Let me start by saying I wrote this report 6 days ago. I dropped the ball by not clicking the publish button, my apologies. I did tweak it a bit to make it more recent.
Let me start by me stating its better to be lucky than good. The night of departure I decided to head in a little different direction. I figure the wind was going to come up with the sun(it did) and I wanted a comfortable ride to the fishing grounds. I figure if I needed to make a area change during the trip I could work down sea and keep things comfy. Plus running down sea make looking at the sounder easier. Since we were in a new area the more I could see the quicker things would come together.
I can report that a move to a different area was not needed. As the first day went along we chipped away on the groupers and and muttons. By 1100 the first morning it was obvious that jigs were king. Anglers with slow pitch jigs were continually hooked up. If fact one angler had 8 fish in a row. He put on a clinic. Here is a link from a customers report, please click here.
I wish the wind was a little manageable but it was up and down all trip. It averaged right around 20 knots. However given the area we fished and the techniques we used to cover the bottom I would say the trip was very comfortable. I was dreading the ride home but at 1600 the wind fluffed and it was a decent uphill ride to the dock. We did try for red snapper in the South Atlantic. We managed 2 on the first stop. The second stop the bottom was infested with blue runners. I pulled the plug at 0300 and headed home . We already had the back boxes full anyway.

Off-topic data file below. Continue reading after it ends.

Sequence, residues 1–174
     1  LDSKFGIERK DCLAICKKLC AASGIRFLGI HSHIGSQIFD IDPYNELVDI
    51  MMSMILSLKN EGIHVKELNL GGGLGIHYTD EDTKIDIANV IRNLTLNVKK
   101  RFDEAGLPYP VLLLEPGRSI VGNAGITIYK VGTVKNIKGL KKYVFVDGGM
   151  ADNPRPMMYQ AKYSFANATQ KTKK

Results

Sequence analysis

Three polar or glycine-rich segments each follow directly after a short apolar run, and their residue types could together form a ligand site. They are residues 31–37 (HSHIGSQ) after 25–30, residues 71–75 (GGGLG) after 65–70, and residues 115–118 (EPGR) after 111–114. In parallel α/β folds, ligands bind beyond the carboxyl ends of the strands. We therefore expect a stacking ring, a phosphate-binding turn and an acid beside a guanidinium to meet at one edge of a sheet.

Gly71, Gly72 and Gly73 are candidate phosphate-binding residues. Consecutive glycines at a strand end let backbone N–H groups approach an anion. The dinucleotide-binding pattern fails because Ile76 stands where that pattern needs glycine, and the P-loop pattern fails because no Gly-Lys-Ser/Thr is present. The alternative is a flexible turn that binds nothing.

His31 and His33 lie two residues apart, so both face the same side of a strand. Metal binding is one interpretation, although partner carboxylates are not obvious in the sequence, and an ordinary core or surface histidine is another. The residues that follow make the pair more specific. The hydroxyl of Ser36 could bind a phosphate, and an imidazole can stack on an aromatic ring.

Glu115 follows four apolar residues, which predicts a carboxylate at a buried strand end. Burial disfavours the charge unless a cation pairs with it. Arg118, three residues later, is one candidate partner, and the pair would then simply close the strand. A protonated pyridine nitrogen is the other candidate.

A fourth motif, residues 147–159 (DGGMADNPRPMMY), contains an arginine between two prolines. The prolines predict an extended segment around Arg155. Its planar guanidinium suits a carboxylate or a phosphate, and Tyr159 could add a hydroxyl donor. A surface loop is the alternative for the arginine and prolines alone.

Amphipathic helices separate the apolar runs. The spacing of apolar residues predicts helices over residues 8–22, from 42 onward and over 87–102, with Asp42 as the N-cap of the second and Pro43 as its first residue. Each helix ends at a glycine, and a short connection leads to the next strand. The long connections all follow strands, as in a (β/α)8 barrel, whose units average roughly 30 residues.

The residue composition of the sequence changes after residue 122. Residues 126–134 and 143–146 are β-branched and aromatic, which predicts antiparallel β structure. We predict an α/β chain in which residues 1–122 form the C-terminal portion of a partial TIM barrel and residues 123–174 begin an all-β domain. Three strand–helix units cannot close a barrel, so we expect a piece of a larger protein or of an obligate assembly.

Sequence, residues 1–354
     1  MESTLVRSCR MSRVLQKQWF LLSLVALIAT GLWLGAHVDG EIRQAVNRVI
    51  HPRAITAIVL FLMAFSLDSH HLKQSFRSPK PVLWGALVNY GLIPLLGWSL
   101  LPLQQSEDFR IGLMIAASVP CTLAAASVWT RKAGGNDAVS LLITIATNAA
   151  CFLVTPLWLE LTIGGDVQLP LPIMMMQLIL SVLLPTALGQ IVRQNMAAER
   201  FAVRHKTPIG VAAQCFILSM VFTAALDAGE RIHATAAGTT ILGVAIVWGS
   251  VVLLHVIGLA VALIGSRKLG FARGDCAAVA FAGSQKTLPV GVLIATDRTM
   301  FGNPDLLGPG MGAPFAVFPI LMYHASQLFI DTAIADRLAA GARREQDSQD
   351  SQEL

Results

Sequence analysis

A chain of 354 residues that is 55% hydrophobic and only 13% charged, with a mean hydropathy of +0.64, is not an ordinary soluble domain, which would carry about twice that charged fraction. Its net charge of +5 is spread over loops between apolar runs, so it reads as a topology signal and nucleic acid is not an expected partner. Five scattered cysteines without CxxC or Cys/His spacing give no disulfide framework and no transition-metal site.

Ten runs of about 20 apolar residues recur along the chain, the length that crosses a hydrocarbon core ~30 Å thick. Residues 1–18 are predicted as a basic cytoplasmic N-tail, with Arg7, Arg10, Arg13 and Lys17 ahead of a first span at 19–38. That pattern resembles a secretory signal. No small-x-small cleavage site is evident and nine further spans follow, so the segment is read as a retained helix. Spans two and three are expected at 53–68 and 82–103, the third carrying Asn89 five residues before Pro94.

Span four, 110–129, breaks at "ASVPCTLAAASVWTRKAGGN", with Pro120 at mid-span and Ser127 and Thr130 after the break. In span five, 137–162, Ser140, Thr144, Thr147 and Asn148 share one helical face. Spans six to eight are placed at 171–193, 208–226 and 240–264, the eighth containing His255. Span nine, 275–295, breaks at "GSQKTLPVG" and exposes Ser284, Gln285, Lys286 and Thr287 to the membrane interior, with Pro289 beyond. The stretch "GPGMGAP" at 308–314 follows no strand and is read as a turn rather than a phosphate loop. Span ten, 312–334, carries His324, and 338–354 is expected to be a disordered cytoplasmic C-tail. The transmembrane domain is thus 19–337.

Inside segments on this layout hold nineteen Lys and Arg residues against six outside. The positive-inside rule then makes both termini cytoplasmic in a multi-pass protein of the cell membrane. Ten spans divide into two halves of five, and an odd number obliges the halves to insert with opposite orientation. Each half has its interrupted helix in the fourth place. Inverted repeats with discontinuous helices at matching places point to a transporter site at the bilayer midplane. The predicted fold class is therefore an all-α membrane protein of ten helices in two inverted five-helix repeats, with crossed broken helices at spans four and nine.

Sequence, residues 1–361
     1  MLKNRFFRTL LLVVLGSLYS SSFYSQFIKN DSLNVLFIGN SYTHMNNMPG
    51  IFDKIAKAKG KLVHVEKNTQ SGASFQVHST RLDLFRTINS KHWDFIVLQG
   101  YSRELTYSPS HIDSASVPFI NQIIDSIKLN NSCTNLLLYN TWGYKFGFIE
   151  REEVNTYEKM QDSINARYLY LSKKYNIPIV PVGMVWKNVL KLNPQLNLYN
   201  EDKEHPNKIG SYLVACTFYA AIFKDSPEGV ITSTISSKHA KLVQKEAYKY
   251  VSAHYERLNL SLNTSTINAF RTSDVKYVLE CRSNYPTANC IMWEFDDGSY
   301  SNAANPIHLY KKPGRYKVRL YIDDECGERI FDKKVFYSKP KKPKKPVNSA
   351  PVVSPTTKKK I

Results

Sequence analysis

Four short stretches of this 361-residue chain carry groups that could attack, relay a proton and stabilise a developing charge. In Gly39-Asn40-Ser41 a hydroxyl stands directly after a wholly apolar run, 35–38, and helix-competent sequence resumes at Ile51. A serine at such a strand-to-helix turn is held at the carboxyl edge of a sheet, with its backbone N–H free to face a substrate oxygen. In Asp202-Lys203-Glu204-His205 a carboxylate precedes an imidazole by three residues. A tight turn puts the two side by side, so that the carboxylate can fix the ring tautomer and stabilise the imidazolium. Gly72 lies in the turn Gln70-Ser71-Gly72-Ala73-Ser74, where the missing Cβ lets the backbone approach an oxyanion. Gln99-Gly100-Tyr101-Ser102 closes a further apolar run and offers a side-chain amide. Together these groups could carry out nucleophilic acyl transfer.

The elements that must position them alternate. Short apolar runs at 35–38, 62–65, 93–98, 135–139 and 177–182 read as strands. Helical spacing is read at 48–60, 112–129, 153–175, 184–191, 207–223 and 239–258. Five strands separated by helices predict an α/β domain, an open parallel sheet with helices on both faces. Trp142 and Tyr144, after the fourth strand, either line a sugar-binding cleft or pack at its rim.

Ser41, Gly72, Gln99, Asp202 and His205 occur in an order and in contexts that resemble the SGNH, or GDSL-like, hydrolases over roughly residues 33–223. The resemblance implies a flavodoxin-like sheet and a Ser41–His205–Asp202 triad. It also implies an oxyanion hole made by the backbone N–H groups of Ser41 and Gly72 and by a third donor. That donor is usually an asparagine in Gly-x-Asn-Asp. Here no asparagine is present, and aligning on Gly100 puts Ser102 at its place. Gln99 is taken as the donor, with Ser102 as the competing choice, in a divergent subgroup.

Here some picture from the dock after we passed out the catch.
A couple of thoughts from the wheelhouse with regards to this trip.
- First and foremost I have never done a trip 30 years in such crappy conditions and caught so many quality fish. As reported before we filled the back boxes with 20 anglers. If you have been with us before you know what that means
- Jigs were the right tool for the job. Not even close. The man in the wheelhouse says put the jigs on it is solid advice
- If your not catching and other guys are find out why. Many anglers are still stuck in the old ways of doing things. Times change, you should too.
The past week the office and I added some of these Halfway Ridge trips for the winter schedule.
Lastly we lost the weekend trip to due the windy weather. I might have considered going but since most booked for the red snapper opener I decided to cancel. I could not see us making any attempt to try to catch the ARS. The winds were a sustained 20-25 knots all weekend out of the northeast. Not much fun for humans on the ocean.
The past week we have been working on the Yankee Capts doing maintenance and repair. Plus prepping for our annual USCG COI inspection. Mostly boring stuff but I did accomplish a major task this week. Since we upgraded our marine AC units we can now use them on the 20 KW generator. These new AC’s draw considerably less kw’s so this is a win for everyone including me. I can now use the Isuzu Gen set more and give the John Deere Gen Set a break. Both are excellent units but spreading the usage over both sets just makes more sense. Gen Sets like being run under load. Sitting in the engine room with nothing to do is not good for them, especially in a high humidity environment.
Next trip is Thursday night. It is a fundraiser trip for Hurricane Irma victims here in the Keys. I will be donating ALL sales (plus I will be paying for the payroll and fuel expense out of my own pocket) to the relief efforts here in the Lower Keys. This trip is sold out but if you would like to give back to the community then contact me at email@example.com. My goal is $15,000. Were almost there. This money will be given to local community. I refuse to give it to to top heavy national group. This money will go where it is needed. Every cent. Although Key West is fine just 15 miles up the road people struggle every day. They have a long road back to normal.
Thanks for looking more later,